Friday, December 30, 2011

Wai 262 - The Making of International Instruments

The final substantive chapter of the Waitangi Tribunal’s report, Ko Aotearoa Tenei, addresses the concerns raised by the claimants in relation to the international agreements and non-binding instruments that the New Zealand government enters into with other states.  The Tribunal devotes a chapter of this report to these matters because “the range of international instruments now reaches into the lives of all New Zealanders and can change, reduce, or enhance their most basic rights.  Māori interests in traditional knowledge, culture, economic development, and the environment, to name a few, are all affected”.  The Tribunal considers how the guarantees of the Treaty of Waitangi might act to protect Māori interests in this context and what practical mechanisms might ensure such protection.

The Tribunal examines three important international instruments as brief case studies:
  • United Nations Declaration on the Rights of Indigenous Peoples (UNDRIP, 2007) – ‘a landmark international acknowledgement that indigenous collectives as well as individuals have rights to self-determination and in respect of their culture, identity, language, employment, health, education, and other matters.’  The claimants argued that consultation with Māori had been limited, especially considering the significance of this instrument in relation to a broad range of Māori interests.  The last consultation that was referred to in Crown evidence took place in 2003 and the claimants contended that was neither representative nor effective consultation.
  • Convention on Biological Diversity (CBD, 1992) – ‘a legally binding agreement for the protection of all forms of biodiversity (that is, ecosystems, species, and genetic resources) in the common interests of all humankind.’  There appears to have been significant consultation of Māori leading up to the signing of the CBD, however, the claimants submitted that Māori had been excluded from the important ongoing international work programme of the CBD.  The Crown argued that genuine attempts had been made to consult with Māori in relation to this ongoing work, but acknowledged that had not always been successful and noted that its engagement strategy only applied to binding agreements (rather than non-binding guidelines developed through ongoing CBD processes).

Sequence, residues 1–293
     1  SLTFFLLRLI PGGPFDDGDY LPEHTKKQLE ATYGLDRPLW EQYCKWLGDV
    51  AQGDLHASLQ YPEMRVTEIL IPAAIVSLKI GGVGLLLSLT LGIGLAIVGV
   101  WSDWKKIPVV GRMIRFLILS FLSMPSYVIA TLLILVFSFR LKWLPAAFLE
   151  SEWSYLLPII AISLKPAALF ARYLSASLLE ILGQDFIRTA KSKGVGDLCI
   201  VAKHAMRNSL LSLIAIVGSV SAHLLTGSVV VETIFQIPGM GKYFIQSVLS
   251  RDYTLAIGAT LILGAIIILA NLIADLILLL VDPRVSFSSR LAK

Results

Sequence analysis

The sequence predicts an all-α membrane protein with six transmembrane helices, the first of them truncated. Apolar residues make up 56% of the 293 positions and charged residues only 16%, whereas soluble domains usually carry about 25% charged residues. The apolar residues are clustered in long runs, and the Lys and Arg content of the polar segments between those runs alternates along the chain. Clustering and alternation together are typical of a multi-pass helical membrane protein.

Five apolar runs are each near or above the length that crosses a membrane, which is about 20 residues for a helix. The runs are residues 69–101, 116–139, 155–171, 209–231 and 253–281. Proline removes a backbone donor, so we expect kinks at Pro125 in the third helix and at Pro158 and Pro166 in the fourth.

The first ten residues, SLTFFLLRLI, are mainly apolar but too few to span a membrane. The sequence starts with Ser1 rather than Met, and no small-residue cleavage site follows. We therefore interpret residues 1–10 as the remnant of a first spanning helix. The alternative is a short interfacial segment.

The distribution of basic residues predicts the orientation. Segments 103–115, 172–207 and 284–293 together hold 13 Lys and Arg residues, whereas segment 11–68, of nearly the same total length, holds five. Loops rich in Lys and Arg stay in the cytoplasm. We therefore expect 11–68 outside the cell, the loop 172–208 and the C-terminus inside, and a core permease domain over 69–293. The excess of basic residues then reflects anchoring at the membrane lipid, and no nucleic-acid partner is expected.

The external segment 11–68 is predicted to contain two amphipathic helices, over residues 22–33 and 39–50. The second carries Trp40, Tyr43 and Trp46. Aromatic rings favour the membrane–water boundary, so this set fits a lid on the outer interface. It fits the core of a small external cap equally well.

• Agreement on Trade-Related Aspects of Intellectual Property Rights (TRIPS, 1994) – an agreement that ‘sets international minimum standards for the protection of [Intellectual Property] and provides the framework for New Zealand’s domestic [Intellectual Property] law.’ The claimants raised concerns about the lack of consultation in relation to both the international negotiation of the TRIPS agreement and its implementation through domestic law.  The Crown noted that there had been some engagement with Māori in regards to the domestic legislation.  Māori provided submissions to the select committee considering the legislation and there was further consultation with Māori in relation to subsequent intellectual property law reforms.

The Tribunal notes that these three brief examples suggest some basic flaws in the Crown’s approach to engaging Māori in relation to international instruments.  Each of these instruments profoundly affects Māori interests in some way and yet consultation with Māori was uneven and, for one reason or another, it was often ineffective.  Problems with the Crown’s approach to engagement with Māori have arisen because the Crown:
  • does not always engage with Māori if an instrument is non-binding;
  • sometimes engages at the end (when laws are being passed) not from the beginning; and
  • sometimes does not engage at all even when the Māori interest is important.